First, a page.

The Woda landslide on the Jinsha River

The Woda landslide on the Jinsha River


A new paper (Yao et al. 2023) examines a 29 million cubic metre rockslide that has the potential to create a large landslide dam

The Landslide Blog is written by Dave Petley, who is widely recognized as a world leader in the study and management of landslides.

Image of a landslide partially covered with a transparent sand-colored overlay and the words “The Landslide Blog,” centered, in white

An article in the journal Natural Hazards (Yao et al. 2023) examines the Woda landslide on the Jinsha River. The study tries to determine the potential impact of the failure of a slope that would block a major river, potentially inducing a dam break event. The paper highlights a very interesting slope hazard.

The Woda landslide is located at [31.4364, 98.8281] (as an aside, I still find it frustrating that this information is not routinely provided in decimal form in papers – surely this is essential information?). This is the slope in question:-

Google Earth view of the Woda landslide on the Jinsha River.
Google Earth view of the Woda landslide on the Jinsha River.

The landslide is reasonably easy to see in the image above. The crown of the slope is at 4,000 metres elevation, and the elevation difference to the toe is about a kilometre. Yao et al. (2023) note that the slope angle is about 30 degrees, the landslide is about 1.9 kilometres long and the width is about 1.7 km. The volume is about 29 million cubic metres.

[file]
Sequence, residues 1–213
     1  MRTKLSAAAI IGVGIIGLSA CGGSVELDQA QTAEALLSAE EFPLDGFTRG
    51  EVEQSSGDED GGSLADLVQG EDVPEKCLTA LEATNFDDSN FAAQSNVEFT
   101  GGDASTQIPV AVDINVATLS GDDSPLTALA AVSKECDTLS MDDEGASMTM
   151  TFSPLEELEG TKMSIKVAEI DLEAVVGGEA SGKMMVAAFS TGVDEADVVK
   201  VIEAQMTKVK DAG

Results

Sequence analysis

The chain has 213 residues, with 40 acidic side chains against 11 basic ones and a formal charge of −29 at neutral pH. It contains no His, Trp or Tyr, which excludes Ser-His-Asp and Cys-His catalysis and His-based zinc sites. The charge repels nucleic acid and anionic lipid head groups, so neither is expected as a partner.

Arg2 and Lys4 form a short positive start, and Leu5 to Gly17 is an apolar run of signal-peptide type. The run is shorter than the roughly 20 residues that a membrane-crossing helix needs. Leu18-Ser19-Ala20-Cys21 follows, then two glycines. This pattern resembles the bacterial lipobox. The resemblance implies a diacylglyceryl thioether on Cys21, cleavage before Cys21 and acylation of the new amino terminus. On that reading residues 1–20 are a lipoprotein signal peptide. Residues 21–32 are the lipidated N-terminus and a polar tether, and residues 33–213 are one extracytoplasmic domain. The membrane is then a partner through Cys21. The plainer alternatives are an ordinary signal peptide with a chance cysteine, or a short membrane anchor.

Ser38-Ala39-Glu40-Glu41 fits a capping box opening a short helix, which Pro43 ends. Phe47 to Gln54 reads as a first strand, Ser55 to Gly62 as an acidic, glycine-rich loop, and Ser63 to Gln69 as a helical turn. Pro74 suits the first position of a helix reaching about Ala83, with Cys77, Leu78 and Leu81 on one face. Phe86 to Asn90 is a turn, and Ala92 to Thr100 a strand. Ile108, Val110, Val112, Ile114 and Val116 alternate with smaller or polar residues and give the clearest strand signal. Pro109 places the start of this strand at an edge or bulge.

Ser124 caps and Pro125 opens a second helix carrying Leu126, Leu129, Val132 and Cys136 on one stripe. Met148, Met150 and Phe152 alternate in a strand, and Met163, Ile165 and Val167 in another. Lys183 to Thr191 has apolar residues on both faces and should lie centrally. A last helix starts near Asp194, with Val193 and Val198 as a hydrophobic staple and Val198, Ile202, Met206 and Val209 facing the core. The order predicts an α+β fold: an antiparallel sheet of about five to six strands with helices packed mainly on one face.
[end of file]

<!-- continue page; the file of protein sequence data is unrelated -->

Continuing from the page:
This is an ancient landslide, but the central section has reactivated. Yao et al. (2023) include monitoring data that indicates that the central portion of the slope is moving at about 10 cm per year. Thus, the concern about a potential major collapse is well founded.

In their paper, Yao et al. (2023) model the failure of the landslide under a range of scenarios. The study shows that the landslide has the potential to create a major dam that could be extremely damaging downstream should it breach catastrophically through overtopping.

There are many sites of this type in high mountain areas, and back in 2010 we saw the challenges of managing a valley-blocking landslide in real time. Whilst there is always multiple uncertainties in these types of studies, including whether failure of the landslide will occur at all, there is real value in trying to determine the range of scenarios if and when a major event does occur.


Yao, S., Lei, Y., Liu, D. et al. 2023. Assessment risk of evolution process of disaster chain induced by potential landslide in WodaNatural Hazards.

Text © 2023. The authors. CC BY-NC-ND 3.0
Except where otherwise noted, images are subject to copyright. Any reuse without express permission from the copyright owner is prohibited.

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